I might be missing something, but it seems to me that the downsides of this far outweigh its potential to discourage harming others by small amounts. I can see two serious problems with this idea: the throwing out, by totally random chance, of valid, important suits (by making them worth nothing), and high penalties for inconsequential offenses (curing dandruff by decapitation, as Zappa would have said). Neither of these possiblities should be allowed in a just and reasonable legal system. Furthermore, the fact that such high penalties are possible might provoke an innocent party to settle for a smaller, undeserved sum to avoid the monetary and legal hassle - a whole new arena of extortion to be dealt with. This is particularly a problem as those who would be gambling are unlikely to be those with good legal sense or finances (a wealthy, well-educated lawyer would not need to gamble on a suit).

You might argue that the first issue is not really a big deal, because as you've said, the case wouldn't have gone to court anyway, and the gambling could be optional. However, a proposal that only solves a portion of the problem (those that do gamble, and successfully double) doesn't seem very good to me, especially given the unfairness then to the other party.

I would think that an efficient small-claims court system would alleviate the need for this sort of thing with more justice.

James, I read those pages and I agree there may be cases where a NEV suit might go forward, but neither seem very relevant to my proposal to use lotteries to drastically increase the number of feasible small suits. What say you to that? Most commenters here don't seem to know much law & econ, but if I can't get even you to understand, I'm lost.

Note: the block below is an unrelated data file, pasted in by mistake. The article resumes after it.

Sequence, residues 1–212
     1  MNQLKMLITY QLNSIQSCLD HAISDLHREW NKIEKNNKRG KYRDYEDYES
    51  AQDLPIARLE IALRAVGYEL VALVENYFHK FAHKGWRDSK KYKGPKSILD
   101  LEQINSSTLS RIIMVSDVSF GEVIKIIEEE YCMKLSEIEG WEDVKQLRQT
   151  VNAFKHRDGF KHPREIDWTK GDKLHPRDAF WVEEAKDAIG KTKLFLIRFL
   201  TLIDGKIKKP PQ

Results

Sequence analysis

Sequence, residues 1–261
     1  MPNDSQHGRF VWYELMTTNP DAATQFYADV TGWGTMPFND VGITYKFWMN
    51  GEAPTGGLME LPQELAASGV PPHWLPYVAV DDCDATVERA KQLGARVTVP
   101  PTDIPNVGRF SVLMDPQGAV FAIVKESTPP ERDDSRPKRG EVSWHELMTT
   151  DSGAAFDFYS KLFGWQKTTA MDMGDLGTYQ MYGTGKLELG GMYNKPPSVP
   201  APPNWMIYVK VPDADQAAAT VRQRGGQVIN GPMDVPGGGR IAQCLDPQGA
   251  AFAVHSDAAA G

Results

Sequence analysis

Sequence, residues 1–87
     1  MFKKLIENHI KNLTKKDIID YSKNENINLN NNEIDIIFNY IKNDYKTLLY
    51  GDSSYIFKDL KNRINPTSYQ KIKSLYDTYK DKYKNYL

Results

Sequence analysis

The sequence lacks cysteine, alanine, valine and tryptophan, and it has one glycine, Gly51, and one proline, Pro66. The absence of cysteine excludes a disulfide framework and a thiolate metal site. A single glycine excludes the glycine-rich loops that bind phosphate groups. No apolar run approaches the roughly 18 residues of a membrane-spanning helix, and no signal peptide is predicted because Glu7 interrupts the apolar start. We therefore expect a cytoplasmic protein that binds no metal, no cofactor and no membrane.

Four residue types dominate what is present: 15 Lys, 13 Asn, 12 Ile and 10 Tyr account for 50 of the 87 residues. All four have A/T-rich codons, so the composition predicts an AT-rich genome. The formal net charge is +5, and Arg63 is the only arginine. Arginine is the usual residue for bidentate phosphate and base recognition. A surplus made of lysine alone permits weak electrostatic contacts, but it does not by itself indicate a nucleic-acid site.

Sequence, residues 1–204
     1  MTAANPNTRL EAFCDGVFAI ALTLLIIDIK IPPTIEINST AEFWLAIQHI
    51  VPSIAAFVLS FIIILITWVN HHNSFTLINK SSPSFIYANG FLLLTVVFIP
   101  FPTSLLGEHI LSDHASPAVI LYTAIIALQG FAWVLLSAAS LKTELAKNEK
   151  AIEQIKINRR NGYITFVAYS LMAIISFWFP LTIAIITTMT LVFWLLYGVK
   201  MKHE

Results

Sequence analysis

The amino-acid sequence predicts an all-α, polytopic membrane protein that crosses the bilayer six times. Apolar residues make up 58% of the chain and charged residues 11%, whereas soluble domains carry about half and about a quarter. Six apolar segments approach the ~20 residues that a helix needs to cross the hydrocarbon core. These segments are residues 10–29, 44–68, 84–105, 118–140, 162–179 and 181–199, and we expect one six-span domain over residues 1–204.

Kyle and Psycho, the whole point of the law here is deterrence. So I'm proposing a generic way law could deter small harms.

Do class action lawsuits not acheive a similar effect?


Your idea would indeed create legal incentives for people to avoid hurting others by small amounts, but I'm not sure that this would increase the wealth of society. Consider a simple model:

Assume that the Defendant might engage in an action that causes $100 of harm to the Plaintiff.
Assume that the cost to the Plaintiff of litigating exceeds $100.
Assume that the Defendant gets a benefit of X from taking the action. X>0
Assume that absent implementing your idea NEV suits are never brought

If X> $100 then your idea would destroy wealth because the action is optimal but implementing your idea may cause the parties to pay some litigation costs and could even prevent the defendant from taking the action. If your idea is not implemented then we would achieve the first best outcome for wealth maximization. The fact that the suit is a NEV one means that the harm of the action is relatively small compared to the harm that generates other lawsuits. Thus, actions that create NEV suits are more likely to be efficient than actions that give rise to non-NEV suits.

If X < $100 then your idea might efficiently deter the defendant from engaging in the action. But if the parties can negotiate then by the Coase theorem they should be able to work out an arrangement whereby the defendant doesn't take the action.

We should favor your idea only if we believe that actions that create potential NEV suits are usually inefficient. Also, the higher the costs of litigation, the less willing we should be to favor your idea.